#63 You don’t understand time or geology. 4000 years is not very much time at all considering the earths climate has been undergoing relatively dramatic shifts over the last 3 million years or so. The earths climate is not a medical patient, DUH. the analogy is rediculous, the earth can not get “sick”, geeeezzz. Re-read the temperature flux through the Holocene alone, then move back in time through the Quarternary and then make your way back into the Late Pliocene, then leave.

  66. Dane
    Posted Aug 8, 2006 at 8:28 AM | Permalink | Reply

    #63. RE correct me if I am mistaken, but I am pretty sure humanity was here on earth doing just fine 4000 years ago, with temps as least as warm as today.

  67. Michael Jankowski
    Posted Aug 8, 2006 at 8:36 AM | Permalink | Reply

    Re#63, the prince in Egypt with the 108 degree temp was in deep trouble and probably died considering medical aptitude of the time. The Earth 200 degrees hotter was inhabitable.

    Those analogies don’t compare at all to a situation when the Earth was warmer than today and yet perfectly habitable.

  68. welikerocks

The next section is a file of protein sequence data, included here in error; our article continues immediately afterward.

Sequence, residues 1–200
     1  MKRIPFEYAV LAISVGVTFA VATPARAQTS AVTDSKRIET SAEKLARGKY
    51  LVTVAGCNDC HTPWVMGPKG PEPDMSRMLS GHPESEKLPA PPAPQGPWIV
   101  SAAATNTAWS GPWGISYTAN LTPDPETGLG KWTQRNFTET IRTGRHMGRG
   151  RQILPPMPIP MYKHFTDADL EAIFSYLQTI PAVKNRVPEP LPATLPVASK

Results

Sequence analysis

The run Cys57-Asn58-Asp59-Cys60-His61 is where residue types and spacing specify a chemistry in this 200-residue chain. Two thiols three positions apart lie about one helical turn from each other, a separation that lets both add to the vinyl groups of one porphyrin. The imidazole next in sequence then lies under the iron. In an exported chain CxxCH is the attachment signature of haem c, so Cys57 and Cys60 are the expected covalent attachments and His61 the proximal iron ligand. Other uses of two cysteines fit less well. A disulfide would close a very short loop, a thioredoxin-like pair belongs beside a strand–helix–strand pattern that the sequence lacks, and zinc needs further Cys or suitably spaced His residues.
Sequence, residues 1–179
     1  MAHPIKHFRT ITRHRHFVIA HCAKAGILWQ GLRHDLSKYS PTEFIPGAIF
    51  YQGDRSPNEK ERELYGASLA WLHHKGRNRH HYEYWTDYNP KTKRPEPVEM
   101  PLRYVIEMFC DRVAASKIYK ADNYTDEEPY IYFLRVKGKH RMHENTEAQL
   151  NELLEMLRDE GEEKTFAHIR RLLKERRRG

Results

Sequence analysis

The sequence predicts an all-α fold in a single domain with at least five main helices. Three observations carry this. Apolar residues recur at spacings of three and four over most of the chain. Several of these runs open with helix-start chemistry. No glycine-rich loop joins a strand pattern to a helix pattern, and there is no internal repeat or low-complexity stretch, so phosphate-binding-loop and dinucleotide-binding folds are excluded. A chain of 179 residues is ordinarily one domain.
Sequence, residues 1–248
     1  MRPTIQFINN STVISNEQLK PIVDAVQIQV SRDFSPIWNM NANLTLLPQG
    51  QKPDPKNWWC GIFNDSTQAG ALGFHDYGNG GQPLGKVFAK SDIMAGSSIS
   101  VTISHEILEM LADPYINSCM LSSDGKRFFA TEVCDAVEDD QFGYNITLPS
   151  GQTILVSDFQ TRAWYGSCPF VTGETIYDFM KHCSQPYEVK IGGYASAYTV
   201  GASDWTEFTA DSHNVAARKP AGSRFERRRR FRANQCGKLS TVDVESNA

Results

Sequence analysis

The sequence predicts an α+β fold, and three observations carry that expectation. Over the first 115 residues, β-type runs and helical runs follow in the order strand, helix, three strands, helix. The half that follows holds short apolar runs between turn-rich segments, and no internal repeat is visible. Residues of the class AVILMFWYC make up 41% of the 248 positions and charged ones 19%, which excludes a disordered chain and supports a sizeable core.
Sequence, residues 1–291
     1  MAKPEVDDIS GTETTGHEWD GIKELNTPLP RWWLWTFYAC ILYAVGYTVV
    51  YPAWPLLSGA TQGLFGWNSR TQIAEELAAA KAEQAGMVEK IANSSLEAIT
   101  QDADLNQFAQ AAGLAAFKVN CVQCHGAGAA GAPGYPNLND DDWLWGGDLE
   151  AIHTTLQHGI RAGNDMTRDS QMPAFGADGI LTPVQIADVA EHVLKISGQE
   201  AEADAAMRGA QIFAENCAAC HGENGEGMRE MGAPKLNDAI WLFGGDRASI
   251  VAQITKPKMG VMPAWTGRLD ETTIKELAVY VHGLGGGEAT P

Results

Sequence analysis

Posted Aug 8, 2006 at 10:40 AM | Permalink | Reply

    #86 that only would be important if the “”prevailing scientific wisdom” was in fact really wise. Note that it is in quotes. Note they didn’t say “prevailing scientific stupidity” they could have just as easily yet they “treated them like human beings” in an inter-office memo. Maybe they want to show “logistical and moral support” to climate change dissenters because they believe these are correct “scientific wisdoms” and they are thinking about the well being of many more people then “the previaling scientific” consensus usually does.

    Show me this prevailing scientific wisdom, why it is wise, and why you believe it to be so.

  69. Michael Jankowski
    Posted Aug 8, 2006 at 10:41 AM | Permalink | Reply

    describes a strategy of providing “logistical and moral support” to climate change dissenters

    Sort of like, “We must get rid of the medieval warm period”…or was it someone else who said that? Hmmmmm…

    That’s nothing compared to the sound bytes and hype put out by IPCC and the news media

    I also must have missed the movie Exxon and the rest of the evil oil companies did with funding that must have made Al Gore’s “An Inconvenient Truth” look like it was made with spare change. Can someone tell me what it was called so that I can go to Blockbuster and rent it? I must be the only one who hasn’t seen it.

  70. muirgeo
    Posted Aug 8, 2006 at 10:56 AM | Permalink | Reply

    RE# 80

    PH, I only state geologic facts.

    Comment by Dane “¢’‚¬?

    Yes…maybe…but what you need to consider is the implications of said geological facts for society and the future. Stating climate change is “normal” denies the risk benefit analysis of a stable climate versus one that may well be changing more dramatically then anything since the dawn of civilization.